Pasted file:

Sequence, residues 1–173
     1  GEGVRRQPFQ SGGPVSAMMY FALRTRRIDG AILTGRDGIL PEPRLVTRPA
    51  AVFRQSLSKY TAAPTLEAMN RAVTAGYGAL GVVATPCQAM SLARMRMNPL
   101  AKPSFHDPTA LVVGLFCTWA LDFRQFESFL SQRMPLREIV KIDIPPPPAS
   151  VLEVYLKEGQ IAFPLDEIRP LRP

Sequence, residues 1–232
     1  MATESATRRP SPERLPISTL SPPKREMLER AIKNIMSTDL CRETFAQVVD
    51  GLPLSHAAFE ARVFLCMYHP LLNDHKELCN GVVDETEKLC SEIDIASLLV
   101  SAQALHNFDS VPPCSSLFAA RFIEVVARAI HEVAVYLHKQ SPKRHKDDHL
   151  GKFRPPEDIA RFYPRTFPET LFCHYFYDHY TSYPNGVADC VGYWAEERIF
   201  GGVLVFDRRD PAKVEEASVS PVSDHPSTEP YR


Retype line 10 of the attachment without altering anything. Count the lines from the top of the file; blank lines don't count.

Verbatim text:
   151  GKFRPPEDIA RFYPRTFPET LFCHYFYDHY TSYPNGVADC VGYWAEERIF